The March on Washington: 50 years laters

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This coming Saturday along with hundreds of others, I will be embarking on a journey to where 50 years ago one of the greatest men marched for civil rights of African-American people. While others will be sleeping in the bed, my younger brother and I will be boarding a bus at 4:00 A.M. in the morning for the about 5 hour drive.

Fifty years ago, I wasn’t even born and my mother was only six years old. Yet, it is important to me that I be there to pay homage to those who treaded the path through the blood of the slaughtered. It is important that I stand and say that, while we have come aways we have not fully overcome. Many would like to believe that a Black President of the United States has made racial equality all the more better. That could not be furthest from the truth. We still live in a world where racism is clear. Rather then them calling you N*gg* to your face they are doing other things.

Have you ever wondered why, Black people make up least amount of the population in tis country yet are at the top of the list for everything negative. There are more black in prison. There are more blacks that suffer from chronic conditions. There are more blacks infected with the HIV/AIDS. More blacks die from breast cancer. Health disparities are seen in black neighborhoods.

So yeah, I felt that I have to be there on Saturday to march for the rights of people who are still being denied basic things like adequate education and health care. They are being denied the right to live and grow old. They are being gunned down because they seem to be a thug only because they are wearing a hoodie or didn’t turn down their music. They are being policed by crooked police who use their guns and badges like billy clubs and waterhoses.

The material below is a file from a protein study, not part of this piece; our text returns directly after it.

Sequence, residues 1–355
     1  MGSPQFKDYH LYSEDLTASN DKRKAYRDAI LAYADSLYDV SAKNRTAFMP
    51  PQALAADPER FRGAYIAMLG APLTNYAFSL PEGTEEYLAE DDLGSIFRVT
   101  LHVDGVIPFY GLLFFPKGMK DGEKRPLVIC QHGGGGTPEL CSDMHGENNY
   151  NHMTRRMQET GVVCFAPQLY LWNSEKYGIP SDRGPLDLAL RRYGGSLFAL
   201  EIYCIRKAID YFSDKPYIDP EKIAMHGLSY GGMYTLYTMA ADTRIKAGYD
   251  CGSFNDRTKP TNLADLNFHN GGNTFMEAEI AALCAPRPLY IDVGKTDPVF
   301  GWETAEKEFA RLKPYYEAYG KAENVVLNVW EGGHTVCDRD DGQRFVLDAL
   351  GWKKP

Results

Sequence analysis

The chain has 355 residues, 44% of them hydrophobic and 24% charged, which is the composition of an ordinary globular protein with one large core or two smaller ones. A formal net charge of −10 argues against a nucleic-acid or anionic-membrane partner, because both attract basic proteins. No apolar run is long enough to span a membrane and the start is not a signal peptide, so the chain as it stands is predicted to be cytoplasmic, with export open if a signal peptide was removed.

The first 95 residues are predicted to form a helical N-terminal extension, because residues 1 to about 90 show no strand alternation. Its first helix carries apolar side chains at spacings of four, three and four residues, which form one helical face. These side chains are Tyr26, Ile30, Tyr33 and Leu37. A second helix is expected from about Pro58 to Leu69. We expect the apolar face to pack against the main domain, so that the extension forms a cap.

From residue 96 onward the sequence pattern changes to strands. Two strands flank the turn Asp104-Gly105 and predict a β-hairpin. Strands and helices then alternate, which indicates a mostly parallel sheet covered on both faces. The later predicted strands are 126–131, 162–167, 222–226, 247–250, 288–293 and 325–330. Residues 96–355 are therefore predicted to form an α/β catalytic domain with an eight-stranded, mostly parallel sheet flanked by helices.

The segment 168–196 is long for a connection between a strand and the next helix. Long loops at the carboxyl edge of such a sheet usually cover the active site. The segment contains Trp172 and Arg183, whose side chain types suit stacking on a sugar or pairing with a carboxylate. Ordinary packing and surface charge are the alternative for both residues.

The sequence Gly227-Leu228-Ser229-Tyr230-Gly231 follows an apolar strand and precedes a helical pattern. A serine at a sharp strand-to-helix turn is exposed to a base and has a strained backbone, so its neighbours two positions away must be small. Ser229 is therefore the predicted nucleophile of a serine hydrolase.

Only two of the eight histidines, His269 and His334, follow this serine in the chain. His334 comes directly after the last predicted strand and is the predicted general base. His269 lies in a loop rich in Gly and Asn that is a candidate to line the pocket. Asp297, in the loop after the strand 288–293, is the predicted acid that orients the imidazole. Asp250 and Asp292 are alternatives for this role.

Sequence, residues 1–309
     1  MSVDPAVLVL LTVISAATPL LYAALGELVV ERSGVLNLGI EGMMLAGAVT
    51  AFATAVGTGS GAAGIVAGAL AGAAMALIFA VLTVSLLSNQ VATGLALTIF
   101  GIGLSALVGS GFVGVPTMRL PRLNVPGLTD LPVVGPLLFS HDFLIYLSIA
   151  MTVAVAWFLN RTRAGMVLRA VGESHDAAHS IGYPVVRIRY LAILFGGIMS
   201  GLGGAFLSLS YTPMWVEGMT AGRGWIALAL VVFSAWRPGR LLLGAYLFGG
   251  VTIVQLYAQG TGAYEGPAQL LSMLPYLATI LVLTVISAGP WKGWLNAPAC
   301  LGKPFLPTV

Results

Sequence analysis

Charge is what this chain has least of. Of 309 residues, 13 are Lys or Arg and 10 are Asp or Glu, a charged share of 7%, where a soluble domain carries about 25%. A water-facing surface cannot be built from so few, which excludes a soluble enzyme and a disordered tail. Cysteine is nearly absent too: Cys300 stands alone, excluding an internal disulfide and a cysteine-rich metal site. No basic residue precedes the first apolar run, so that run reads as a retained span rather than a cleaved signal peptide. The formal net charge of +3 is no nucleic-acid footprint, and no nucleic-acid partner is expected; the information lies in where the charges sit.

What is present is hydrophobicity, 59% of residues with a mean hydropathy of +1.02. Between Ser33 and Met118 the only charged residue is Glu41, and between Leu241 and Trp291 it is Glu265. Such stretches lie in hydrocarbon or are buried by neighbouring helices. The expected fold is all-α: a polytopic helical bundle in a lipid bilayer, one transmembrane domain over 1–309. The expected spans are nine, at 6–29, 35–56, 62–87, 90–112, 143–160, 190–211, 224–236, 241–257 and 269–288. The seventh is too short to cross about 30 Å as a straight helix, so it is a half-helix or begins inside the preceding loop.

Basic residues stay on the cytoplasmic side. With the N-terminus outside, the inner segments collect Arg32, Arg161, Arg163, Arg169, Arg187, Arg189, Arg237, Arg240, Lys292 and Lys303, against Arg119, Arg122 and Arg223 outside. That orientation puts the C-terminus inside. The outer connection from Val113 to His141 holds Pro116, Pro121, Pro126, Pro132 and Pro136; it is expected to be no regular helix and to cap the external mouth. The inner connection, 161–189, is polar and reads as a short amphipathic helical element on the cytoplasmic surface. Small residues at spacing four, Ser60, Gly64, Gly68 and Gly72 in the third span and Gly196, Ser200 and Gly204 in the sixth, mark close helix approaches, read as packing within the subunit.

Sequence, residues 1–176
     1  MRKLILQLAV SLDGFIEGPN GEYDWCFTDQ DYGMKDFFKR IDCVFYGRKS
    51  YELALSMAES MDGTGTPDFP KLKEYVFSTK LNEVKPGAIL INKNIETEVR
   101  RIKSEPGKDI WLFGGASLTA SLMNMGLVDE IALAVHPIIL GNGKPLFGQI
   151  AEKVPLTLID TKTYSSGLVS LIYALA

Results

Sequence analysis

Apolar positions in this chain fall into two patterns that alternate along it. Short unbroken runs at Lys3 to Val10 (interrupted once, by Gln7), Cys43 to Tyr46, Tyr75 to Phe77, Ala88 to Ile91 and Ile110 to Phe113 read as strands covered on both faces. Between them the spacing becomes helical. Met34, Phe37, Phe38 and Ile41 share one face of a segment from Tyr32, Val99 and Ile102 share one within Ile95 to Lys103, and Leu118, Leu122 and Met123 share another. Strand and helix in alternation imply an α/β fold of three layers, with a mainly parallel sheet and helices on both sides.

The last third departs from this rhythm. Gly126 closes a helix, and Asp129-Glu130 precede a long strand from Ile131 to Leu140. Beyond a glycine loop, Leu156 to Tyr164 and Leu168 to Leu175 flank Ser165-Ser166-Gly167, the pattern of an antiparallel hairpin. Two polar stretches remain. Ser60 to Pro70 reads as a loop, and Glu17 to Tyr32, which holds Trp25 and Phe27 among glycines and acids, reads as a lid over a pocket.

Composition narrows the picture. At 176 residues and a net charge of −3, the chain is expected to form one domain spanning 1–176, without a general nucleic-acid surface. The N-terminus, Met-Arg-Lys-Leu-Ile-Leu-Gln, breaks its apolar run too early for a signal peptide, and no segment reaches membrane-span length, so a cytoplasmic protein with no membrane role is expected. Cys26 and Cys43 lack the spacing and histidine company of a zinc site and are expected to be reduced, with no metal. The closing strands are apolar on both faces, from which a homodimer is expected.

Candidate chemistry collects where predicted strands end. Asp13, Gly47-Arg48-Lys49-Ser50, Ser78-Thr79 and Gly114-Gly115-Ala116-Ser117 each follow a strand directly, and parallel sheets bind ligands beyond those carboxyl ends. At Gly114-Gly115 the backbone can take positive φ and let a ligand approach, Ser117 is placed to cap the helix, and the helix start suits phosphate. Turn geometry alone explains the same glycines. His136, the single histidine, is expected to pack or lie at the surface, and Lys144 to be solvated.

I have been fortunate to be blessed with a lot in spite of my race, my gender, and even my religion. I believe that I have a duty to get on a bus and let this country know that while they have come a long way…they still have a long way to go when it comes to valuing the civile rights of black people. After all, “To whom much is given, much is required.”

Words of wisdom: “The revolution is at hand, and we must free ourselves of the chains of political and economic slavery. The nonviolent revolution is saying, “We will not wait for the courts to act, for we have waited hundreds of years. We will not wait for the President, nor the Justice Department, nor Congress, but we will take matters into our own hands, and create a great source of power, outside of any national structure that could and would assure us victory.” For those who have said, “Be patient and wait!” we must say, “Patience is a dirty and nasty word.” We cannot be patient, we do not want to be free gradually, we want our freedom, and we want it now. We cannot depend on any political party, for the Democrats and the Republicans have betrayed the basic principles of the Declaration of Independence” John Lewis

In health,
Maliyka

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